By Neil Jerome Morales
MANILA, Feb 3 (Reuters) – Philippines lawmakers have approved legislation requiring social media users to register their legal identities and phone numbers when creating new accounts, a senator said on Thursday, in an ambitious move to thwart online abuse and misinformation.
The bill is a rare push by a legislature to compel users to disclose details that would allow them to be traced, in a country notorious for online trolling, disinformation and use of anonymous social media accounts.
“It is our little contribution to fight the anonymity that provides the environment for trolls and other malicious attacks to thrive in the age of social media,” said Senator Franklin Drilon, one of the authors of the bill, which was passed by the lower house and senate but still requires presidential approval.
“This new provision will prevent anyone from making anonymous accounts online so they could attack anyone endlessly and viciously.”
It was not immediately clear from the bill how social media companies would know if a name or number used to register an account was false. The law prescribes punishments of jail or large fines, or both, for providing false information.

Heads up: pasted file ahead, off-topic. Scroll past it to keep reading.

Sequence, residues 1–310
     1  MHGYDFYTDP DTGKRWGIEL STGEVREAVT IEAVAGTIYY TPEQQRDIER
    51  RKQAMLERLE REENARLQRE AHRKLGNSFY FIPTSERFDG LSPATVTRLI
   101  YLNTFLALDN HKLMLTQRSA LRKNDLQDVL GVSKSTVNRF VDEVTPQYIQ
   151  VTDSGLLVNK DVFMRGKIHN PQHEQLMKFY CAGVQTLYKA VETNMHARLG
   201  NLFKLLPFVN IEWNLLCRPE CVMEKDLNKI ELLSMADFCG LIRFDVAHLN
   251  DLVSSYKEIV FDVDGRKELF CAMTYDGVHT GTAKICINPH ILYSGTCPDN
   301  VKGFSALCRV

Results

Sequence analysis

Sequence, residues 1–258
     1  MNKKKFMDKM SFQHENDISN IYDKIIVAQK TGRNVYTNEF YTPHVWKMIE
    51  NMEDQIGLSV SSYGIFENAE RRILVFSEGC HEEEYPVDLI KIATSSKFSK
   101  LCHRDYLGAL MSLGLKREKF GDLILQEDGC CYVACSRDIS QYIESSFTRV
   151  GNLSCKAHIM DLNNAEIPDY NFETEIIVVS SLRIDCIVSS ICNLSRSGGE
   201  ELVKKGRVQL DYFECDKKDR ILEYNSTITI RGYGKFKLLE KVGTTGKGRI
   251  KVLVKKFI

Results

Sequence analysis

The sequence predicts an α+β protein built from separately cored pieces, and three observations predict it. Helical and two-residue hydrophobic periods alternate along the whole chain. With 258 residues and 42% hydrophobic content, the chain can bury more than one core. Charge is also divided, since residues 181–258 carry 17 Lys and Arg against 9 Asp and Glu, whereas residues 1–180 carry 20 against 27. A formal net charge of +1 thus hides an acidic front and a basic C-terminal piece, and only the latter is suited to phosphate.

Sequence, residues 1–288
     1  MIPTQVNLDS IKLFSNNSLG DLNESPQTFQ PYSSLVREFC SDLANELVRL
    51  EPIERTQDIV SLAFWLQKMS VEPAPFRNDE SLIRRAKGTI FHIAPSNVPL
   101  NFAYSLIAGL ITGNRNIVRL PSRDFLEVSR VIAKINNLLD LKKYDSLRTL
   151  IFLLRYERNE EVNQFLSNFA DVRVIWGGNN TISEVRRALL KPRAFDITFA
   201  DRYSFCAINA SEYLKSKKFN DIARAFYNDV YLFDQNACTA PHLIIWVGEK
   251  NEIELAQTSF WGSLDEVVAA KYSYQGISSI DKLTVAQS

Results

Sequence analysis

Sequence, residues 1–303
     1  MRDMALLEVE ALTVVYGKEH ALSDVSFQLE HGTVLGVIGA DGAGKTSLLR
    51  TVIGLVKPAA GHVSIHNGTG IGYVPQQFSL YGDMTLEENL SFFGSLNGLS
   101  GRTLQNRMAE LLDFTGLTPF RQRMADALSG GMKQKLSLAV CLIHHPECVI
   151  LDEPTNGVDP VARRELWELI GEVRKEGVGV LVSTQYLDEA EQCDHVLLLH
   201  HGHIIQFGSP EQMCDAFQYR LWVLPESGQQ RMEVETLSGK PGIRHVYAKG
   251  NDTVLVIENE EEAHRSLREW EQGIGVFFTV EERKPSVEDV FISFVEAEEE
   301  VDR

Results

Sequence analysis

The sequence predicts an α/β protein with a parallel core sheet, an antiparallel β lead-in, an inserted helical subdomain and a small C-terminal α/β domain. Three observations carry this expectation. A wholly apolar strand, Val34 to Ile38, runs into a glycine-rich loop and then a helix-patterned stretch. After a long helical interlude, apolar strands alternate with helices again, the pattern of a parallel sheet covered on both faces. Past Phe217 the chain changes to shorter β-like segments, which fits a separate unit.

Twitter TWTR.N and Facebook have come under pressure in the Philippines to combat fake news and inauthentic accounts, particularly around politics.
Facebook declined to comment on the Philippine law and Twitter did not immediately respond to a request for comment.
It comes ahead of a general election in May that will choose a president, lawmakers and thousands of political posts, with social media set to be a key campaign battleground.
A well-organised social media campaign was credited with catapulting Rodrigo Duterte to the presidency in 2016, and his critics say his supporters have ensured he remained powerful through use of trolls, influencers and misinformation to discredit and threaten opponents.
The president’s office has rejected that and says it does not condone abuse of social media.
The Philippines has one of Asia’s highest number of smartphone users, at 79 million of its 110 million population, and Filipinos top global rankings of most time spent on social media and internet each day, according to some studies.
The bill, called the “Subscriber Identity Module (SIM) Card Registration Act” also requires owners of all cellphone SIMs to be registered with operators.
The country’s three telecoms firms welcomed the bill, saying it will help prevent crimes such as text scams and fraud.
(Editing by Martin Petty)
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This article originally appeared on reuters.com